December 5, also known as Repeal Day, is an important day for bartenders and drinkers. It marks the day that prohibition was repealed back in 1933. Prohibition banned the production and sale of alcohol in 1920, believing that alcohol was the cause of crime and basically everything wrong with society. Today, two of our favorite New York bartenders share their favorite Repeal Day recipes. Now, do your civic duty: Go forth and drink!
From Pete Vasconcellos at The Penrose, NYC:
“The pre-prohibition era cocktails are the DNA of The Penrose’s cocktail program. Almost all of our most popular on and off menu drinks are either direct copies or slight tweaks on the influential cocktails of that era; some of our most popular drinks that we have house-specific recipes for include the Daiquri, Old Fashioned, Sazerac, Negroni, Manhattan, Sidecar, Dry Martini, Bobby Burns, Bee’s Knees, Bramble, De La Louisiane and French 75 (as well as its cousin, the French Seven Point Five).
With a few exceptions, we make all of these drinks with a nod to the Sasha Petraske school of bartending. We acknowledge the agreed upon ‘best practice’ specs of these drinks in the modern era. For the most part, the Milk and Honeys of the world sifted through the varied specs of the pre-Prohibition era and set the new standard for bars like ours in the early 00’s.
In the instances that we have further tweaked these drinks to our own specs — for instance, our Negroni — we have tested and re-tested each drink with different combinations of modern brands to find the drink that we think tastes best. Our negroni, therefore, specifies Bombay Dry Gin, Cocchi Vermouth di Torino, Punt e Mes vermouth and Campari. We garnish with an orange twist. It’s the best Negroni I’ve ever had.”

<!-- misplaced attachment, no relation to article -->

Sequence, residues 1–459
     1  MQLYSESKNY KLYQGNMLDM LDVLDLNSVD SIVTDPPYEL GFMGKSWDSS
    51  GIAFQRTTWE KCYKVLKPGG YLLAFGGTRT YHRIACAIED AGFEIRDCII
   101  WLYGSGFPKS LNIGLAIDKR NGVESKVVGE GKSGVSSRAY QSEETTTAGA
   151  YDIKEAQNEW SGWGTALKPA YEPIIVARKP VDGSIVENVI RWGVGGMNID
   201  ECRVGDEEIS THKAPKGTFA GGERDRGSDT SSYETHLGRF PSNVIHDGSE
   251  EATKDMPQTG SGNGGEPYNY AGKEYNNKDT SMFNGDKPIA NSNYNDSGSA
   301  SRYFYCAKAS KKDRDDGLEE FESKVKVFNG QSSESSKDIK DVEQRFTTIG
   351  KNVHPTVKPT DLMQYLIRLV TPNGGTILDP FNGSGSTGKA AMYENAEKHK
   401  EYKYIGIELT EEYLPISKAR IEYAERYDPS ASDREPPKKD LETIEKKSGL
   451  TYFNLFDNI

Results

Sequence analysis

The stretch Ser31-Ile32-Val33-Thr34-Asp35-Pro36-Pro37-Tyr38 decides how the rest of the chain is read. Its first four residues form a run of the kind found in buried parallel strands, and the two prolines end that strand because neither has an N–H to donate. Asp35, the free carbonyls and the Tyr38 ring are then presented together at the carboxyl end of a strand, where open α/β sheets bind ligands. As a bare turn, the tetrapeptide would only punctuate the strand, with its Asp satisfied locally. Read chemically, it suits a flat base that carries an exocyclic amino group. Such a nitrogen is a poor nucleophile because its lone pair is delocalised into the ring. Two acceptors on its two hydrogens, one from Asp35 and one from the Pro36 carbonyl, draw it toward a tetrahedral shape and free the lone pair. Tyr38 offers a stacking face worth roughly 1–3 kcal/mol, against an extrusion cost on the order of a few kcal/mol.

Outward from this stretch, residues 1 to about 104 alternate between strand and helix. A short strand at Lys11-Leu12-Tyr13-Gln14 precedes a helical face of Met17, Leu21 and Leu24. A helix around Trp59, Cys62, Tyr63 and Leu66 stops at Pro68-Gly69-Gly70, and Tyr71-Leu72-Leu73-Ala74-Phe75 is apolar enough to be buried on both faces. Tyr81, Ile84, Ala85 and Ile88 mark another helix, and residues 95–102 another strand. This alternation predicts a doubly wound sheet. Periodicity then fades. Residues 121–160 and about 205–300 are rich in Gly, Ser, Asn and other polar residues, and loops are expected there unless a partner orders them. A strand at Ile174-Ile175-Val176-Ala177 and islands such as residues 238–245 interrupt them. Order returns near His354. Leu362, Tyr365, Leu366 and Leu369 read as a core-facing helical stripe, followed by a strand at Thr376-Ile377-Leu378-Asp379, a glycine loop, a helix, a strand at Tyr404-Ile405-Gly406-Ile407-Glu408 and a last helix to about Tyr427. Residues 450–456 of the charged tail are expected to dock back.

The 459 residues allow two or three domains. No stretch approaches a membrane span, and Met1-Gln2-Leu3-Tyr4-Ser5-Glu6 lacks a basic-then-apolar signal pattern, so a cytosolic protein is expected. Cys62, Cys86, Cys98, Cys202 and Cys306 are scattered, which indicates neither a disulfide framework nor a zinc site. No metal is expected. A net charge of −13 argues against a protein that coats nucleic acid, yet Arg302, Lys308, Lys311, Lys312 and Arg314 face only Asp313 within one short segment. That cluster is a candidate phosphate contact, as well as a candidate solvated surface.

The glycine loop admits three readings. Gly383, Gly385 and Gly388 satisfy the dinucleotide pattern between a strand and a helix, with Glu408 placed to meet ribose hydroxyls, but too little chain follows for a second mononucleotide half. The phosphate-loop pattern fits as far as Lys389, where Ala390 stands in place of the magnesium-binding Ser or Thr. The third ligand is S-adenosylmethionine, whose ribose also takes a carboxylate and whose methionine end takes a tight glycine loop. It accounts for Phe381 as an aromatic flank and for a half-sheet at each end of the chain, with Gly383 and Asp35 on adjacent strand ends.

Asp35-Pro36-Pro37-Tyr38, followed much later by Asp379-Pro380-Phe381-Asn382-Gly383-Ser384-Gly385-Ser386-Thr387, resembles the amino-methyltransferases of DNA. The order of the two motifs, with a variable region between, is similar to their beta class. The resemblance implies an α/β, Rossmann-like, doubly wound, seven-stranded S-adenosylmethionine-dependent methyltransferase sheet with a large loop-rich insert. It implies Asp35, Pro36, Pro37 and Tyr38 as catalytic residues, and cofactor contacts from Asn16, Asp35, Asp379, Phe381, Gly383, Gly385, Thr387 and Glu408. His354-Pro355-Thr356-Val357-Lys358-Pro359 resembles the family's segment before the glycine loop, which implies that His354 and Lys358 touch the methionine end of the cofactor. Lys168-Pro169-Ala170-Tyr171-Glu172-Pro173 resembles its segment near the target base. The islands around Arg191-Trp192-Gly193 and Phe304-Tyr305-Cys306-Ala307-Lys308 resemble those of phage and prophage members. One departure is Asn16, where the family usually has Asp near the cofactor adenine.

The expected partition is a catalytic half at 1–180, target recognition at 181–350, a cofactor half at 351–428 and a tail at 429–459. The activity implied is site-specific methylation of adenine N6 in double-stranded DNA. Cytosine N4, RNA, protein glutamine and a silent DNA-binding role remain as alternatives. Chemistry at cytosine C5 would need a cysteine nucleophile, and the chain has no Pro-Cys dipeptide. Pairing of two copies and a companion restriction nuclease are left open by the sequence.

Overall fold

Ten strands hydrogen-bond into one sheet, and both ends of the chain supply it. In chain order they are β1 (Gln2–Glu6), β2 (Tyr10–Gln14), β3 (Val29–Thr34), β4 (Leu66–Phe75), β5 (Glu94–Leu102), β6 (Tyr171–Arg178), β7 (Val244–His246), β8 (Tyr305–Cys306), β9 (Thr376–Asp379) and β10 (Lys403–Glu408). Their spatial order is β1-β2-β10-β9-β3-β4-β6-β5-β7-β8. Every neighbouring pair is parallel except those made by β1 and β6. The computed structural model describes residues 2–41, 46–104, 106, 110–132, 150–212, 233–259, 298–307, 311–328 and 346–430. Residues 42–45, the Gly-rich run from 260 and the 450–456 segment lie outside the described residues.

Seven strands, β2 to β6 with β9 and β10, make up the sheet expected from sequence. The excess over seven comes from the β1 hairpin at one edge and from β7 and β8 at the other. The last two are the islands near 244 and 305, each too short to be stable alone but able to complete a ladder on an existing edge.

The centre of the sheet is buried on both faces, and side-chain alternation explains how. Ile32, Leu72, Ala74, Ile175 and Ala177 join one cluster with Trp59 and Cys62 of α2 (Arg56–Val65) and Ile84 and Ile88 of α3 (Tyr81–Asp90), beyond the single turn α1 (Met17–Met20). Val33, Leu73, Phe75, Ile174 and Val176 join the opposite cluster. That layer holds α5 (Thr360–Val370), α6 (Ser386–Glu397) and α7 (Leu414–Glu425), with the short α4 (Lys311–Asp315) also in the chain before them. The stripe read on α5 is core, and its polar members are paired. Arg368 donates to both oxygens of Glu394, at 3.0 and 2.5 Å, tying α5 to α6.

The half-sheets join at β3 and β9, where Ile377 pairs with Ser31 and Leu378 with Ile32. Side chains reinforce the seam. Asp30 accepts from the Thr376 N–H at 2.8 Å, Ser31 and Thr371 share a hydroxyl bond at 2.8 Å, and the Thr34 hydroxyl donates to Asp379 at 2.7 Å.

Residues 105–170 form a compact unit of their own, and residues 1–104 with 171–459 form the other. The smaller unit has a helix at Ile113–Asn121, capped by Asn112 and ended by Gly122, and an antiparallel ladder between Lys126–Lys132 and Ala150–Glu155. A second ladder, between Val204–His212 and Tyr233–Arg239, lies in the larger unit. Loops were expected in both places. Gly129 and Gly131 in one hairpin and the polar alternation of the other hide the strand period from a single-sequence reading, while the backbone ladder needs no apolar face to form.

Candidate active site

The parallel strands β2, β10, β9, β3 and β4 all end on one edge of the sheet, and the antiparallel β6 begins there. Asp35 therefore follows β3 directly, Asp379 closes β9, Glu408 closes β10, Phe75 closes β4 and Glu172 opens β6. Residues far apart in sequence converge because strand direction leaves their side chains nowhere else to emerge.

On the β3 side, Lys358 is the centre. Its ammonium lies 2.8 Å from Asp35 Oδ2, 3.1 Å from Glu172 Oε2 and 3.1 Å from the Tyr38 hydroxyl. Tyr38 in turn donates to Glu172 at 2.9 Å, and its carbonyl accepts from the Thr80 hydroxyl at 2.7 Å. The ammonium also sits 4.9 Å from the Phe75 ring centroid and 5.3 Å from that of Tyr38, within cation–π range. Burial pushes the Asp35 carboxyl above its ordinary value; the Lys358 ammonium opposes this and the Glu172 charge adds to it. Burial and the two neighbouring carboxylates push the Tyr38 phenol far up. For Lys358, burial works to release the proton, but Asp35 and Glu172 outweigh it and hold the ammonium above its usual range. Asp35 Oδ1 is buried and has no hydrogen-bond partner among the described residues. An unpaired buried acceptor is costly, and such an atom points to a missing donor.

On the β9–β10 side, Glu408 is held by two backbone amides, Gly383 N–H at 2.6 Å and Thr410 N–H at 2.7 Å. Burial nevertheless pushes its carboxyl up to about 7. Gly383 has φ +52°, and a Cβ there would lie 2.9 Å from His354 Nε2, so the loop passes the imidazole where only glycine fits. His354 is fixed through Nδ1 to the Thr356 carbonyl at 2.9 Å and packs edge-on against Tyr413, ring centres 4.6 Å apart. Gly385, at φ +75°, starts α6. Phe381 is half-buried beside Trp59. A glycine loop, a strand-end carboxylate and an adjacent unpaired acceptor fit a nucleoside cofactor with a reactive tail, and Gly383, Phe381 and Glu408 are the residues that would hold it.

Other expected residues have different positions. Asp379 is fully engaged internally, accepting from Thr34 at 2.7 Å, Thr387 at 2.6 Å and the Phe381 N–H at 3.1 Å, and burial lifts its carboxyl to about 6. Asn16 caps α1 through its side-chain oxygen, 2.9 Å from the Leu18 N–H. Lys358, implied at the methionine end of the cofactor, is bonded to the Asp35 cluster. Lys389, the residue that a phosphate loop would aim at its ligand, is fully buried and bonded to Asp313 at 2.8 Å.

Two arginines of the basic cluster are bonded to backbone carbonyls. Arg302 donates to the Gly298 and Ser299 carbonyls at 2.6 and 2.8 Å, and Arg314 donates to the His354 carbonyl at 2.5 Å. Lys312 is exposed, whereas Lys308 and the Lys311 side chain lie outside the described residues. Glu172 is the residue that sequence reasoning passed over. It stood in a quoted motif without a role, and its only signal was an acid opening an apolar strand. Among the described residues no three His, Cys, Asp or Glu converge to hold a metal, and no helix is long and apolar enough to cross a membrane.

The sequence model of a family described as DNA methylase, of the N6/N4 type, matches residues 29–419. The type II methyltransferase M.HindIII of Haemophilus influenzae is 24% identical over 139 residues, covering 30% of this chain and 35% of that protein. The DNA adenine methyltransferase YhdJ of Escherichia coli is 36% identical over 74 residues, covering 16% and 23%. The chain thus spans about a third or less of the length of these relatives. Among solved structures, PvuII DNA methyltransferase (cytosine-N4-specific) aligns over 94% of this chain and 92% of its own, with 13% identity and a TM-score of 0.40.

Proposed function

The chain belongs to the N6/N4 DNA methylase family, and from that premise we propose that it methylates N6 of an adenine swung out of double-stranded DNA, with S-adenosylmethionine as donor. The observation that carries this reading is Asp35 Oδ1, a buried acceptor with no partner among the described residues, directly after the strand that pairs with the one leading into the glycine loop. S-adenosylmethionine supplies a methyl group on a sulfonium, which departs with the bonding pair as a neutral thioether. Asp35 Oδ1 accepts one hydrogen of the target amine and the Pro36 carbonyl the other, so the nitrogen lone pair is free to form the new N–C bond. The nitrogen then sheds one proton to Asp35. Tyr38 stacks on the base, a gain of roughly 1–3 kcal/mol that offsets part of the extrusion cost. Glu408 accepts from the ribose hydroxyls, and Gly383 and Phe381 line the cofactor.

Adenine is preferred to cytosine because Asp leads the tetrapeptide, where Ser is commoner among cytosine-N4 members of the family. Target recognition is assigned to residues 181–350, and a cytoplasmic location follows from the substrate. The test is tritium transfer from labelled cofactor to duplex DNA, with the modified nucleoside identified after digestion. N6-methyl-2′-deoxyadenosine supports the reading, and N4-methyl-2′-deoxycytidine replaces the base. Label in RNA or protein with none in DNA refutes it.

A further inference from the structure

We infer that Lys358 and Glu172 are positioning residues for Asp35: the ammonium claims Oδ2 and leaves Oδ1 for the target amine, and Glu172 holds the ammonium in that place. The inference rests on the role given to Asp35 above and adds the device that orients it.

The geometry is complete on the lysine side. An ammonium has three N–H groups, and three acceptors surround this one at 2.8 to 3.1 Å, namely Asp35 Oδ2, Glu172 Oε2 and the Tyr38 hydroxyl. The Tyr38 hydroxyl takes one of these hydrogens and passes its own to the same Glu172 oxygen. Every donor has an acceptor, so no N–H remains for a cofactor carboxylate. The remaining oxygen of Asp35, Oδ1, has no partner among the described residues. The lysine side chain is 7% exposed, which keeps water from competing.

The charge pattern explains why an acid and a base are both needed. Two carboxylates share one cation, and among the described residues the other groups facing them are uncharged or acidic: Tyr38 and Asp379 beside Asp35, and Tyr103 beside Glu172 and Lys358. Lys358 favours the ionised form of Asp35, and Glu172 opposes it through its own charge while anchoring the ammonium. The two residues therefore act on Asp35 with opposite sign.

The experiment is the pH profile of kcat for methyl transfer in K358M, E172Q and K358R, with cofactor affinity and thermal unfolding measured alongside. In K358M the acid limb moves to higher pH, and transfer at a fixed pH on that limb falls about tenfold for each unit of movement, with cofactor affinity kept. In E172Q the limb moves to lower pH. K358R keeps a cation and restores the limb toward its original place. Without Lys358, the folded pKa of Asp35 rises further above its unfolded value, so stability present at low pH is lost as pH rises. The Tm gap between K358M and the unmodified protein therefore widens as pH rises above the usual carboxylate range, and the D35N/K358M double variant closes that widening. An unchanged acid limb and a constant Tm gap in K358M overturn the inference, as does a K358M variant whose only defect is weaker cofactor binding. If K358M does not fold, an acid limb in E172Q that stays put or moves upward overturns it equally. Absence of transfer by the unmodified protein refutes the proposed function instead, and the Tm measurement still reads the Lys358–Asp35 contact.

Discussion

The Penrose Negroni
- 1.25 oz Bombay Dry Gin
- 1 oz Campari
- 0.5 oz Cocchi di Torino
- 0.5 oz Punt e Mes
Add all of the ingredients to an Old Fashioned glass and fill with ice. Stir until cold. Garnish with an organic twis.
From Mike Di Tota at The Bonnie, Astoria, NY:
“We are currently serving the Gin Fizz as part of our Liquor Cabinet Cocktail program, through which we highlight classic recipes using a top shelf spirit. The first printed reference to the drink is from Jerry Thomas’s ‘Bartenders Guide’ in 1876, and back in the day, fizzes were almost a remedy — something to sip when your stomach was upset. I love egg white drinks, fizzes in particular, because you get a sweet, citrusy, sour-like drink, as well as that nice foamy froth from the egg whites. You get a multi-layered drinking experience. And I’m still fascinated that someone thought to put a raw egg white into a cocktail and drink it.”
- 2 oz Farmer’s Botanical Organic gin
- 0.75 oz simple syrup
- 0.75 oz lemon
- 1 egg white
- Club Soda
Add all ingredients to shaker (except soda) and shake without ice for about 10 seconds. Add ice and shake vigorously until shaker is ice cold. Strain ingredients into a collins glass and top with soda.